Days 78 and beyond   World’s Longest Book Tour on Break  (WLBT-B)

End of August, early September, 2018

by David Runkel

The whack-a-mole contest, with black electrical tape patching together season-worn mallets, is on the Boardwalk just where it was when The Tour visited the Rehoboth Beach, Delaware at least two decades ago. The horse race machine, first run for family members and close friends in the distant 1970s, is still sending them down the track hundreds of times a day.

Skee-ball, where a game now goes for a quarter, up from a dime, is in its

Day Seventy Eight of the Scone by Scone Book Tour
Funland on Rehoboth Beach

accustomed place across from the bumper cars, where all our kids learned to drive. The scary haunted house along with all the other rides and games are there jammed into the same small place.

As always, the place is packed with families, young kids holding onto cheap furry prizes won by the dads (yes, it seems that women still haven’t caught up in this aspect of American life).   

Despite all the changes in our lives and in the world over the last 50 years, Funland remains the same. In fact, despite the second-by-second adjustments of the Atlantic Ocean, the sea, the sand and the coast are unchanged. The Rehoboth Beach Boardwalk takes your hand and time travels you back to another era.

Our Boardwalk night out also remains wonderfully familiar.  We drive up from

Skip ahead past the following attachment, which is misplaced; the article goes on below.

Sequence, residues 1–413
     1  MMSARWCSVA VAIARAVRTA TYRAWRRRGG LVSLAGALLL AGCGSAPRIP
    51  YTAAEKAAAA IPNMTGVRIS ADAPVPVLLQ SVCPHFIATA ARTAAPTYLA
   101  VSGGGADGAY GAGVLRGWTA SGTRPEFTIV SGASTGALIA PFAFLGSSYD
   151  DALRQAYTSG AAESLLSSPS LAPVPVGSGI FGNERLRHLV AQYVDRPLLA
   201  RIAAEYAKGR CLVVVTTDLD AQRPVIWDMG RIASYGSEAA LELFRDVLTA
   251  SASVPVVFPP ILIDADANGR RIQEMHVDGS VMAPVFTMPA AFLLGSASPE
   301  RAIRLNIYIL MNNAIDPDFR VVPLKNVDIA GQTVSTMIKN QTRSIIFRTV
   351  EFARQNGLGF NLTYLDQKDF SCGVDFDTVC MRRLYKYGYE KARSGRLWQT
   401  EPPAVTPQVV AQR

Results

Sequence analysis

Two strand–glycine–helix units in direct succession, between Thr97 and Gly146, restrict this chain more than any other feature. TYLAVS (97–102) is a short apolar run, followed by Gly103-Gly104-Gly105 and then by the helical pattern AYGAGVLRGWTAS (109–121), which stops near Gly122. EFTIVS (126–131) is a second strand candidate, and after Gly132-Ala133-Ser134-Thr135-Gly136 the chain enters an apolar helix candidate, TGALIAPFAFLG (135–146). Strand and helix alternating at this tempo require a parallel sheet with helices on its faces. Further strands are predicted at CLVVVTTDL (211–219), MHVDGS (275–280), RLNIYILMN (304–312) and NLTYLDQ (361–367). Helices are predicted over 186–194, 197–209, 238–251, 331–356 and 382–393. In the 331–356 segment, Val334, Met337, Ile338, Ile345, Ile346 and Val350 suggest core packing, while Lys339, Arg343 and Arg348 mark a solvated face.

Day Seventy Eight of the Scone by Scone Book Tour
Thrashers on the Beach

Rehoboth’s southern neighbor Bethany Beach, which also has a Boardwalk but without the flash, and stop for our friends in Dewey Beach, within walking distance of Rehoboth.  We’re older now, however, and unwilling and unprepared as we once were on a potentially stormy night to suddenly hit the sand if lightening brightens the skies and threatens to strike walkers on the beach. 

We stop first at Thrasher’s, the veteran French fry vendor, for a bucket.  The vinegar is out on the counter, for on this seacoast anyway you can’t have fries unless they are liberally doused with Heinz’s cider vinegar.  Next stop, one floor up, for a drink — we need to wash down those fries — and some other snacks.

Walking along the Boardwalk we review this year’s t-shirt selection.  Many of them, to our surprise, appear to have a conservative appeal, but others continue the humor-laced tradition.  Our favorite picks up on the local seafood seasoning, Old Bay.   The distinctive yellow can with red lettering is front and center with the message – “I put Old Bay on my Old Bay.”